Post by Stefan Van Eycken, Tokyo
We’re continuing our review of the new quartet of Nikka single casks for LMdW with their Yoichi and Miyagikyo offerings, both peated (heavily and lightly resp.).
Yoichi 1991 (Heavily Peated), #129459, Virgin Oak Puncheon, 62%abv, 423btls
On the nose, the Miyagikyo is an explosion of fruit (apricot jam, pear drops, green apples, grape skin) but with lots of intriguing secondary notes floating by, too: pumpkin pie (with a good dose of nutmeg), smoked dried pineapple, maraschino cherries, honey doughnuts and a little bit of bacon in the background. The peat is very subtle – on the nose it adds something reminiscent of clothes the day after a barbeque, or a campfire doused with water.
With the Yoichi, the peat is much more pronounced, but not as much as you would think. It certainly doesn’t obstruct other aromatic dimensions – and there are plenty of those to be found: initially, a carpenter’s workshop, a humidor and old leather; then mango chutney, thick berry jam, hints of menthol and sage; a bit later, smoked mackerel (saba), smoked daikon, band-aids, muscle cramp spray, and chinsuko cookies. Very eclectic but it works, so why not…
On the palate, the Miyagikyo has the same fruits spotlighted by the nose at its centre but surrounded by sour (kabosu, shikwasa jam) and bitter (grapefruit peel, walnut skin) elements. It evokes crêpes Suzette but it’s also markedly spicy (chili peppers, sansho) and everything comes wrapped in a lovely faint peat furoshiki. What a delight.
The Yoichi is very different. It opens with a blast of pepper and smoke. Then, the thick berry jam hinted at by the nose appears in full glory with some applewood smoked turkey and smoked daikon on the side, all of this supported by a blend of exotic spices. Just like with last year’s Yoichi for LMdW, you’ve got virgin oak and heavy peat complementing (and complimenting) each other wonderfully.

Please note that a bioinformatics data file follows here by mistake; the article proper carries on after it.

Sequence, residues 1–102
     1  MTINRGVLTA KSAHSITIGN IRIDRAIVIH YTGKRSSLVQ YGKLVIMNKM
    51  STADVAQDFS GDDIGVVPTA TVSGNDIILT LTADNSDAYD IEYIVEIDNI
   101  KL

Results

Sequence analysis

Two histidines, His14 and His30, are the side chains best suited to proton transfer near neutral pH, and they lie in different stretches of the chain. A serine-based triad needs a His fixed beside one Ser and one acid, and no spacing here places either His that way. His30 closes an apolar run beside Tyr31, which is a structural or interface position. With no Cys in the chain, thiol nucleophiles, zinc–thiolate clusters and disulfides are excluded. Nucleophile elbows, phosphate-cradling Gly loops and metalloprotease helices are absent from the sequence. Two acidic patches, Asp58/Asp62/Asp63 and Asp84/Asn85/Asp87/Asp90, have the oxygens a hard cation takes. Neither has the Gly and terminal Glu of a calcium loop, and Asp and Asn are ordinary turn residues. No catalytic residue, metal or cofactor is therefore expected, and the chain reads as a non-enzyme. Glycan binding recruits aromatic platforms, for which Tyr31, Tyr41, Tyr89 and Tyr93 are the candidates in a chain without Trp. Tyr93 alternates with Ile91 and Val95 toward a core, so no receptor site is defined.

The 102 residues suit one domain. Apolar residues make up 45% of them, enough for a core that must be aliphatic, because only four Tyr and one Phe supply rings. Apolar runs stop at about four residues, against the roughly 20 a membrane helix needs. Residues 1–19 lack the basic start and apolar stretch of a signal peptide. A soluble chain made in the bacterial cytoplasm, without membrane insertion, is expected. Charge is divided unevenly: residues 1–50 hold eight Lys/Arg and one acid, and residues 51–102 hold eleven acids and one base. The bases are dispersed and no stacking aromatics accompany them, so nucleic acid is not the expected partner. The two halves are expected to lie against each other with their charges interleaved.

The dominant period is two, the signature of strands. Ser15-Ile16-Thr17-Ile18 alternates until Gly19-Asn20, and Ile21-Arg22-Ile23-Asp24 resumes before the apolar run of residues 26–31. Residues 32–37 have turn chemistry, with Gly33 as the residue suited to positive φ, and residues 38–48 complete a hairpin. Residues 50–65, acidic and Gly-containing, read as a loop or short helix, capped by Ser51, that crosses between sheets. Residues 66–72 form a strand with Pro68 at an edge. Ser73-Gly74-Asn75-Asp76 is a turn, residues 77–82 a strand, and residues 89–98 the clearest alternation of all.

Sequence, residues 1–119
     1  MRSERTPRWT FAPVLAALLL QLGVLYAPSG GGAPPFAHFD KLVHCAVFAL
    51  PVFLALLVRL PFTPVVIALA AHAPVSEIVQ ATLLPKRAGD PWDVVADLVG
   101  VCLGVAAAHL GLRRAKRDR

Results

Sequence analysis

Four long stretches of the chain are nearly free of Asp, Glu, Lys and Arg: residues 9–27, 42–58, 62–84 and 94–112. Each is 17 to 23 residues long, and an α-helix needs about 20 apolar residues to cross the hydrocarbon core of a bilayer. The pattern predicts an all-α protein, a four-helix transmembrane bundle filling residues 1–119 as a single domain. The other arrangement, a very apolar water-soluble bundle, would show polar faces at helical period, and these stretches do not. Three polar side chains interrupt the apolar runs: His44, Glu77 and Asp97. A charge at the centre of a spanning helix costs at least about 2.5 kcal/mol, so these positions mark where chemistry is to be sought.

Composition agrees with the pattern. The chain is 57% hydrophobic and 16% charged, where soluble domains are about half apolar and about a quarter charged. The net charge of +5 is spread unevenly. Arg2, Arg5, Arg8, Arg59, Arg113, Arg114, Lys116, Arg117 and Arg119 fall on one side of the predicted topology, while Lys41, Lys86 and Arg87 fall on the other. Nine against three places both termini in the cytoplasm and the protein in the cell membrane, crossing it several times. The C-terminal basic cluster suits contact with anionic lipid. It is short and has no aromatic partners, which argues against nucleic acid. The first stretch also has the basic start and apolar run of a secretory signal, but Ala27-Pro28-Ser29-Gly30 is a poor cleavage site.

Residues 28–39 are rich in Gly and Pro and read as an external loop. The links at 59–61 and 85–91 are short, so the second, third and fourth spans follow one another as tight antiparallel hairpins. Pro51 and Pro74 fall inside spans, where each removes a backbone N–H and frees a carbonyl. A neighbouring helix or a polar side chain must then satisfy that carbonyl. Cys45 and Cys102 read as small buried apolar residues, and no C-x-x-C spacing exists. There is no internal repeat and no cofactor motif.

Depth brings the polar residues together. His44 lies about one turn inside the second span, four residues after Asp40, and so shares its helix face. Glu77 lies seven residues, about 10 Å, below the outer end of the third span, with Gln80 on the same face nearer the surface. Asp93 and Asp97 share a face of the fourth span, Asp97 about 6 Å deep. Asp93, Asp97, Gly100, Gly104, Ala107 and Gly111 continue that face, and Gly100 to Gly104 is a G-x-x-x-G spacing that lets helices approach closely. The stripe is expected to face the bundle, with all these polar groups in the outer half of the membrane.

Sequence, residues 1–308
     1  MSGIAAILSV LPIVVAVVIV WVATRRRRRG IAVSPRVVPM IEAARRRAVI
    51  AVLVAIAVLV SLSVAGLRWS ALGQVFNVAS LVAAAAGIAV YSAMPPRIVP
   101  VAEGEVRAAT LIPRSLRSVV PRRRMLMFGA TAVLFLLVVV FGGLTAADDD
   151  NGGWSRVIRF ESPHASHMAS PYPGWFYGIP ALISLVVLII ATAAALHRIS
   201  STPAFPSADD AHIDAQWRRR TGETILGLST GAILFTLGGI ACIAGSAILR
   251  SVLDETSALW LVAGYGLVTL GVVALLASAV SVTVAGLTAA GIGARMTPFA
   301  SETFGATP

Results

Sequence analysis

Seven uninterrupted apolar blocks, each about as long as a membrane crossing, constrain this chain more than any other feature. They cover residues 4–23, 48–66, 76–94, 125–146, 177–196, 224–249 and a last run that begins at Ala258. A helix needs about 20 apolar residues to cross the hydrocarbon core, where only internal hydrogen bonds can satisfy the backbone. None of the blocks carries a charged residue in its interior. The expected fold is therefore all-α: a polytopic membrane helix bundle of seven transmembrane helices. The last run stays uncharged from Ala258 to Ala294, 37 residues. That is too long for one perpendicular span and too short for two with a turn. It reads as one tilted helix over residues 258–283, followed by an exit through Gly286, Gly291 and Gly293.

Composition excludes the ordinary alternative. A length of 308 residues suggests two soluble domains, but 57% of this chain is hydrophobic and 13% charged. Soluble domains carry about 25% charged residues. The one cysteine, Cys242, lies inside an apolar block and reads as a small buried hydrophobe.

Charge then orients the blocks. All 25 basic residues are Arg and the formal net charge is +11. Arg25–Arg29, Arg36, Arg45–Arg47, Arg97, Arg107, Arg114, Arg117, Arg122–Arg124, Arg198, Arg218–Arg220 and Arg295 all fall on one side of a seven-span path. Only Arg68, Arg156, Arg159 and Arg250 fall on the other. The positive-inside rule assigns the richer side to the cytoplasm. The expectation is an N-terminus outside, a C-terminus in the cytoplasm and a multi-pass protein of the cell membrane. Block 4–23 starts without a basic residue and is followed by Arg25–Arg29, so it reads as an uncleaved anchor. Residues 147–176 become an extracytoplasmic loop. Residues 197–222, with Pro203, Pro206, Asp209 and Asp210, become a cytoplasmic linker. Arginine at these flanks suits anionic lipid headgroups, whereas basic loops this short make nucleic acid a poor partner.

The finish on the Miyagikyo is long and intense. It leaves an afterglow of woody aromas and it’s here that the light peat comes through most cleanly and clearly. The Yoichi’s coda opens with a gorgeous accent of sudachi and then fades on smoked agave, Nutella and candied orange peel. Both work well with water. Water cranks up the bitterness in the Miyagikyo, which is nice if you like that. With the Yoichi, water plays with so many ‘sliders’ on the aroma-and-flavour mixing console that you’ll just have to try and find your own sweet spot.
These two stellar single cask malt whiskies from the Nikka stable may be the only ones available this year anywhere in the world (since Nikka seems to have suspended their regular single cask releases in Japan), so I’d get them both if I were you. If I really had to choose, I would probably pick the Miyagikyo this time around… it’s a quirky take on the classic Miyagikyo profile and full of surprises unlike any other Miyagikyo single cask that’s been bottled in recent years.